My buddy Skip and I decided to get away for the weekend and do some off roading. He had just got new tires on his truck and I had just installed a new winch on my truck. The two of us had always had a good time mudding or rock crawling but we often got stuck and without a winch, recovery can only come with the help of another truck. I knew that my new winch with its stainless steel wire rope and 13,000 pound capacity would come in handy.
When we got to our place we could tell it had rained recently because there were mud holes everywhere. But Skip and I love blasting trough the mud and have no problem with getting our trucks filthy in the pursuit of some off road fun. We were getting along pretty good with skip reporting on the CB that his tires were working great.
Not long after that report Skip found himself mired in a deep mudhole and could’nt get himself out. He radioed me for help and I bactracked and found him seemingly buried in the thickest, nastiest goop I’d ever seen.
So I backed up my big Chevy to near his bumper, grabbed a 20 foot wire rope and coupled our trucks together. After some struggle I managed to pull his truck free from the mud and we continued on our way. This time I let Skip take the lead and we headed for some very rugged yet less muddy terrain. The break strength of the galvanized wire rope I had on hand was 13 tons, and in a 6×37 class so I knew it was durable enough for almost any rescue! And with more flexibility than the 6×19 class, its moisture and corrosion resistant (perfect for the mud).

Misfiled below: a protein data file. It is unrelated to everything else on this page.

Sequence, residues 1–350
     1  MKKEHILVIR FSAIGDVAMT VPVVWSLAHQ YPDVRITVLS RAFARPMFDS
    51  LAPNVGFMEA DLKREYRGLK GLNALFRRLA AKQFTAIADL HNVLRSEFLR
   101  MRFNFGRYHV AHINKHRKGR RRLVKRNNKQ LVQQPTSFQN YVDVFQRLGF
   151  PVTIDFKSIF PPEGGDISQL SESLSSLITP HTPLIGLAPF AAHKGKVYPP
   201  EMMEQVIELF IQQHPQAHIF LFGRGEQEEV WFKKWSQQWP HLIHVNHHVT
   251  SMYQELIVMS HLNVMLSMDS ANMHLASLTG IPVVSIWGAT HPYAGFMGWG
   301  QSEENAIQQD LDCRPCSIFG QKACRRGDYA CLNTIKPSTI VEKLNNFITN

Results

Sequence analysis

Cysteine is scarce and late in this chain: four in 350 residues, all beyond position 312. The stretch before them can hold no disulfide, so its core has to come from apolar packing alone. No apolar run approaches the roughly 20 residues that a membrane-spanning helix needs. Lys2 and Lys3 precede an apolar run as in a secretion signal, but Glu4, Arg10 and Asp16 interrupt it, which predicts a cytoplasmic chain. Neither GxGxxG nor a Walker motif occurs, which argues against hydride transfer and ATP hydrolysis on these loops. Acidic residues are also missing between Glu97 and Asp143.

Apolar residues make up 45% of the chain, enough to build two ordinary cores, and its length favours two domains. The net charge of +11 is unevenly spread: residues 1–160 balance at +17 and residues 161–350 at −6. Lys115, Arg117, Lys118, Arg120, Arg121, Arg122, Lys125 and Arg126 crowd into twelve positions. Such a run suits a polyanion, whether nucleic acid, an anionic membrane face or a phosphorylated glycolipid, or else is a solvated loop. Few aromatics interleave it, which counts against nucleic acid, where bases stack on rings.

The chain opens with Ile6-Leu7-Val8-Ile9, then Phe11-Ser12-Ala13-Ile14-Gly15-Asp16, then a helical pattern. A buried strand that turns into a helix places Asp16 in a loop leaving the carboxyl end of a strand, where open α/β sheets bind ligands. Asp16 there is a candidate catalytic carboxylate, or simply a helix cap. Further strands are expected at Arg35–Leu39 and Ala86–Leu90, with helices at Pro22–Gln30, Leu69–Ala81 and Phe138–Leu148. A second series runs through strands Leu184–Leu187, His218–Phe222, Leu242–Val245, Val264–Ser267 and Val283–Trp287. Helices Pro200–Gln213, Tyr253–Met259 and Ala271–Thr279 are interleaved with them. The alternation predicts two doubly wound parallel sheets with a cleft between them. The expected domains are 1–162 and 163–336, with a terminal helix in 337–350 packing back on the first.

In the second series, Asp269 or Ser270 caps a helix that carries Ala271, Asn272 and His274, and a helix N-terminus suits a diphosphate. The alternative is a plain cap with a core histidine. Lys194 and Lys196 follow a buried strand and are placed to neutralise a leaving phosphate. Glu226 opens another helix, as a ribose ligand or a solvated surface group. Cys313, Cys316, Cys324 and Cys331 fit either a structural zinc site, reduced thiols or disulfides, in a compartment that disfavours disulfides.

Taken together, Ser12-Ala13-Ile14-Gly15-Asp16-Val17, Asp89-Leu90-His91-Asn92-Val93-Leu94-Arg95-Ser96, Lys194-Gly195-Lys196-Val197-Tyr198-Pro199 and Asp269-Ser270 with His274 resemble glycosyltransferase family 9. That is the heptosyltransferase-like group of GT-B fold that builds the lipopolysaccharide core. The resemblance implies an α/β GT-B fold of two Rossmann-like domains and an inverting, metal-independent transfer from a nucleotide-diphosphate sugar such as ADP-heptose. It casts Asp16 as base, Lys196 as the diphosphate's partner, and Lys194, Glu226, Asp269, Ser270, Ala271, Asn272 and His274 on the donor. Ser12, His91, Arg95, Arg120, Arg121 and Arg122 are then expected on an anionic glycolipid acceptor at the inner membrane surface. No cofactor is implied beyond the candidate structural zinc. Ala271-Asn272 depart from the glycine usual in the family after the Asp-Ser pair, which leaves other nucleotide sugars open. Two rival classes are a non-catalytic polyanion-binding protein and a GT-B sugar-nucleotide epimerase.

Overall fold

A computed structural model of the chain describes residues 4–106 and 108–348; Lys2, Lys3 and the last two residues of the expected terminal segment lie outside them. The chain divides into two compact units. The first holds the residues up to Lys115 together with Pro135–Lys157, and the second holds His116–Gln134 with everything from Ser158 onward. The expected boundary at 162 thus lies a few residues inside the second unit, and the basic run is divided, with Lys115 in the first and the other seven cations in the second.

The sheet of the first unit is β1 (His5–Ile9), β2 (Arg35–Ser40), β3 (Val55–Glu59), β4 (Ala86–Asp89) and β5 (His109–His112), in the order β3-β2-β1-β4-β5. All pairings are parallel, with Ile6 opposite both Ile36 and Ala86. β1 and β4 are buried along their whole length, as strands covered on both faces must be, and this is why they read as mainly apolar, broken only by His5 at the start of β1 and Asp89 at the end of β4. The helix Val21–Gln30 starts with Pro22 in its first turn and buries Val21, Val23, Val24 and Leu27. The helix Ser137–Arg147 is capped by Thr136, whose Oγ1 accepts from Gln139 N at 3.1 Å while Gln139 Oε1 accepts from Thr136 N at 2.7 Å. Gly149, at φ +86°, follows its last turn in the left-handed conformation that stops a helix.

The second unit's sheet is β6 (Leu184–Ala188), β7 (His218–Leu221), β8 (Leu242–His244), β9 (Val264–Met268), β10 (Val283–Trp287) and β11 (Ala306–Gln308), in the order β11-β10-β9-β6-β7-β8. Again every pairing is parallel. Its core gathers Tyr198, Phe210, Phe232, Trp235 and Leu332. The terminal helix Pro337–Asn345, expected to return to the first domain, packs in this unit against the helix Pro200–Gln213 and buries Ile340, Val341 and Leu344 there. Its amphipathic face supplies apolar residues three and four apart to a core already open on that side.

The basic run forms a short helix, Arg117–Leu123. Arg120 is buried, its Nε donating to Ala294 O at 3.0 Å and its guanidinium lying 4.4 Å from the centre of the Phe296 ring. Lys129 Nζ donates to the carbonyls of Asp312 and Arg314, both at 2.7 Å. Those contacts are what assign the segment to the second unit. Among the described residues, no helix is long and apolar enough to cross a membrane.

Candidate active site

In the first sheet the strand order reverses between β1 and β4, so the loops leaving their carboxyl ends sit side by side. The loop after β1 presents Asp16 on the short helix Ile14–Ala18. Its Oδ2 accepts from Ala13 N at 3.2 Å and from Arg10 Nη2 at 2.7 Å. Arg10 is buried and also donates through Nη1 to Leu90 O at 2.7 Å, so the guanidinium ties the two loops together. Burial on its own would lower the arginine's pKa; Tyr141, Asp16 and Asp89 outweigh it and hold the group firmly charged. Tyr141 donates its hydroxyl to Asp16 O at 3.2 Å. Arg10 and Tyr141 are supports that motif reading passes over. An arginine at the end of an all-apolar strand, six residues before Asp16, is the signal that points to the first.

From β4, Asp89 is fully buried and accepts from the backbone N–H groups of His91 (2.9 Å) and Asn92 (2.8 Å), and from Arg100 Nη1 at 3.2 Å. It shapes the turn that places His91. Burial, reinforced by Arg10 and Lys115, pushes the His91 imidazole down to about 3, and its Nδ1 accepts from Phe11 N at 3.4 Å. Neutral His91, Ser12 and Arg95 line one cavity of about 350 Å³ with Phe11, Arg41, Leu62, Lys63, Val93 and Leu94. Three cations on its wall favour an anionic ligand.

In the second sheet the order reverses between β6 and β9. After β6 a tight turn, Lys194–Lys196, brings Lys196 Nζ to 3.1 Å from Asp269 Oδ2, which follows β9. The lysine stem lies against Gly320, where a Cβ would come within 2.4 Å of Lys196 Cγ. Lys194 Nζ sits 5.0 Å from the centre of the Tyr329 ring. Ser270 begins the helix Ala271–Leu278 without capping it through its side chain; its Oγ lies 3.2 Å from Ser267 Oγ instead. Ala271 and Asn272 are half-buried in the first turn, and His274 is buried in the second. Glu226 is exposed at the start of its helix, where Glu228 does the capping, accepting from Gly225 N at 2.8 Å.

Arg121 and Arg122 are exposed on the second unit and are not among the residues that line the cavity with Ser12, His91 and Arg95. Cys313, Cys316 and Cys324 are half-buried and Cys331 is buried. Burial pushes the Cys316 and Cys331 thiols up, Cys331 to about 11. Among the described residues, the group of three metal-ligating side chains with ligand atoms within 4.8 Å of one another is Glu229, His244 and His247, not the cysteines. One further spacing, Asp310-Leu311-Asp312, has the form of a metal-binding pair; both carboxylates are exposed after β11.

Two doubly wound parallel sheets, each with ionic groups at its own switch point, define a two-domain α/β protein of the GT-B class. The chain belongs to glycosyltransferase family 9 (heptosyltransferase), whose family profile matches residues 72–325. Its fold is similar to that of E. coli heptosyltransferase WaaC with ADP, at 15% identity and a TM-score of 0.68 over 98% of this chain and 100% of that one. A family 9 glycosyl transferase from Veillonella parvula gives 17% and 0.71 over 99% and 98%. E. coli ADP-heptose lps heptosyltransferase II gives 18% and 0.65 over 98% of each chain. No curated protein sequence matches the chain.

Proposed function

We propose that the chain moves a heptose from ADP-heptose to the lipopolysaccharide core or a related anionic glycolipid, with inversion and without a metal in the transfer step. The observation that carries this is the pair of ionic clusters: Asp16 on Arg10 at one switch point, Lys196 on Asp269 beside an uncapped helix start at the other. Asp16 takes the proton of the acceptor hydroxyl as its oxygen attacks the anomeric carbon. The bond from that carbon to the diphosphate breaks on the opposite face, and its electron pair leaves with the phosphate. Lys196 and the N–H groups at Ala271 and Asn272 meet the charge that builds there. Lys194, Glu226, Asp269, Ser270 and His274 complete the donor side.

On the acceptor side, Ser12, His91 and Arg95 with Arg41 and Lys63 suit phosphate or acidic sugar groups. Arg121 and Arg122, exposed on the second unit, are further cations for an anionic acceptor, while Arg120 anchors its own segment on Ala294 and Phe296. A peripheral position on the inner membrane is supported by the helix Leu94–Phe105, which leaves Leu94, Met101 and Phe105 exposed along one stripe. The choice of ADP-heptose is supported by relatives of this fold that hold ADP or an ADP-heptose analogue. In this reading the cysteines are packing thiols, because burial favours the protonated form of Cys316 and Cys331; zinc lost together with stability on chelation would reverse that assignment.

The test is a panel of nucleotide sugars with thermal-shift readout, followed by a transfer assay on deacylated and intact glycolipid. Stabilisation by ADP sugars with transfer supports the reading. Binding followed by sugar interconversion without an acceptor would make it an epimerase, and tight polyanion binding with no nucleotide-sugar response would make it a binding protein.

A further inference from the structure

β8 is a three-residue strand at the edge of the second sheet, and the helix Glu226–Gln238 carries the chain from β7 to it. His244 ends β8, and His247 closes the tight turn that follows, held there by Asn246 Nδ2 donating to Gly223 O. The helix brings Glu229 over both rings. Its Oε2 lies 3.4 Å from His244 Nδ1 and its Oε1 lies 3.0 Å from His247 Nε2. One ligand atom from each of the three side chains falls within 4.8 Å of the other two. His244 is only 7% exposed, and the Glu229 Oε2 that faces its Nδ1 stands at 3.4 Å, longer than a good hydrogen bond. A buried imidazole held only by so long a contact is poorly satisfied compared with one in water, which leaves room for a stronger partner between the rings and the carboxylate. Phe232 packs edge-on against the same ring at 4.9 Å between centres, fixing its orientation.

See, the independent wire rope core (IWRC) is heavy, about.46 lbs of weight/foot. That inner core provides added support to the outer strands. The extra support adds to the durability and strength of the entire wire rope assemblies.radio strap
Another way to approach the problem would have been to use a good recovery strap and anchor shackles, if I’d had them. Recovery straps are made of industrial grade polyester and resist abrasion. Many also feature Cordura around the eyes as further protection against abrasion around the wear points. Its advisable to keep a recovery strap on board that will fit what you’re most likely going to need to tow, but without being too large, as the stretch factor ratio of the polyester strap won’t be right and could result in further damage to either vehicle. Something for our next trip out!
Some people incorrectly use tow straps when attempting to snatch or recover a stuck vehicle. While the two may look similar, a tow strap is made of nylon which has a lower stretch factor. The stretch is really needed for the push-pull or “rocking” motion which helps stuck tires overcome inertia and get freed from the mud. I’ve even heard that tow straps will sometimes break when used that way, some even flying off to hit windshields or onlookers.
All set after our little mishap, Skip and I climbed some big boulder fields and enjoyed the scenery the countryside has to offer. I wanted to go to a spot that Skip and I have seen previously but were unable to access because off a very difficult section of trail. But with Skip’s new tires and my new winch, we felt confident we could make the crossing. It wasn’t long and I found myself hopelessly stuck and no way for Skip to help me with his truck. I guessed it was time to test that new winch. I found a sturdy tree about 30 yards off and ran the wire rope of the winch around the tree and hoped for the best. I couldn’t believe how well the winch worked.
We had a great day off roading, plus I was able to show Skip how to snach out a truck.